A day after Islamic militias took control of Mogadishu from warlords, the U.S. State Department expressed concerns that Somalia could become a "safe haven" for foreign terrorists.
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After three months of fighting between Islamic militia and tribal warlords reportedly backed by the U.S., the so-called Islamic courts movement was patrolling the streets of Mogadishu today, celebrating its takeover of Somalia's capital city.
Left out for the moment is a U.N.-backed transitional government in Baidoa, about 150 miles from Mogadishu. It has been unable to enter the capital because of the violence.
Somalia and its eight million people have been without an effective government since 1991, when clan-based warlords overthrew the ruling dictatorship.
In 1992, the U.S. and U.N. intervened to help end starvation there, but the warlords turned on the international forces the following year, killing 18 American soldiers in the now-famous "Black Hawk Down" incident. The U.S. left shortly after and has not had an official presence there since.
A decade of civil strife has followed, pitting the new Islamic courts movement against a new collection of warlords who claim the U.S. is covertly supporting them. U.S. officials have declined to confirm that but do contend that some suspects in the 1998 East Africa bombings are being sheltered by the Islamists.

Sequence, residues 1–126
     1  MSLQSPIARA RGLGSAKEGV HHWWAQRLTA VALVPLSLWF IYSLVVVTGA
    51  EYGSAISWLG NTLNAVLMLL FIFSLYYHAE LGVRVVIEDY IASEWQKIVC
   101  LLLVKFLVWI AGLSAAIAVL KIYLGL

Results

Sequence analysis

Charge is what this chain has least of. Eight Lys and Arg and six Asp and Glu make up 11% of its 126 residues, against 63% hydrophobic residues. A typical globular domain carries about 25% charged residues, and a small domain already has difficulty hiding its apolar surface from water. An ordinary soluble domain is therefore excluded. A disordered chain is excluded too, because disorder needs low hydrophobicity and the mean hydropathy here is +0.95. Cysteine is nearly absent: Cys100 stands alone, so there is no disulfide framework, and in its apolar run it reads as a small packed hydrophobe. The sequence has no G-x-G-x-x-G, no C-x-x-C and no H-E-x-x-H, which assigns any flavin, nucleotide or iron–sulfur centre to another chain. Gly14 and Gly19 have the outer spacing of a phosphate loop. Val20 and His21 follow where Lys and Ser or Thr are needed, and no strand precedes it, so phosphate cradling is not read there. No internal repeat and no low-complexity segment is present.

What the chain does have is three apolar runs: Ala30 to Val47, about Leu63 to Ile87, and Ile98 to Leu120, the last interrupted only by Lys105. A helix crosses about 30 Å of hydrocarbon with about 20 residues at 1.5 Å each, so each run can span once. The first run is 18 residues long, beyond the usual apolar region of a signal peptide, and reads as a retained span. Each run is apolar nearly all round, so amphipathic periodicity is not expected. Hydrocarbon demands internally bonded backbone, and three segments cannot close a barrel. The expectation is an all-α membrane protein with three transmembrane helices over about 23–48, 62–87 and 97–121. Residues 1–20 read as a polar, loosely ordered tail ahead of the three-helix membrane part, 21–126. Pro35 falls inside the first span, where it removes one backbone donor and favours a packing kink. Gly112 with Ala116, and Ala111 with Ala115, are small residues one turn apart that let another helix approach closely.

Late today, as he left Texas, President Bush was asked about the Islamists' apparent victory in Mogadishu.
GEORGE W. BUSH, President of the United States: Obviously, when there's instability anywhere in the world, we're concerned. There is instability in Somalia.
The first concern, of course, would be to make sure that Somalia does not become an al-Qaida safe haven, that it doesn't become a place from which terrorists can plot and plan, and so we're watching very carefully the developments there. And we will strategize more when I get back to Washington as to how to best respond to the latest incident there in Somalia.
Today, the chairman of the Islamic Courts Alliance, Sheikh Sharif Ahmed, issued a letter saying, "We categorically deny and reject any accusation that were are harboring any terrorists or supporters of terrorism," and adding, "We would like to establish a friendly relationship with the international community."
Today, the Islamists and the transitional government both said they would begin talks with one another.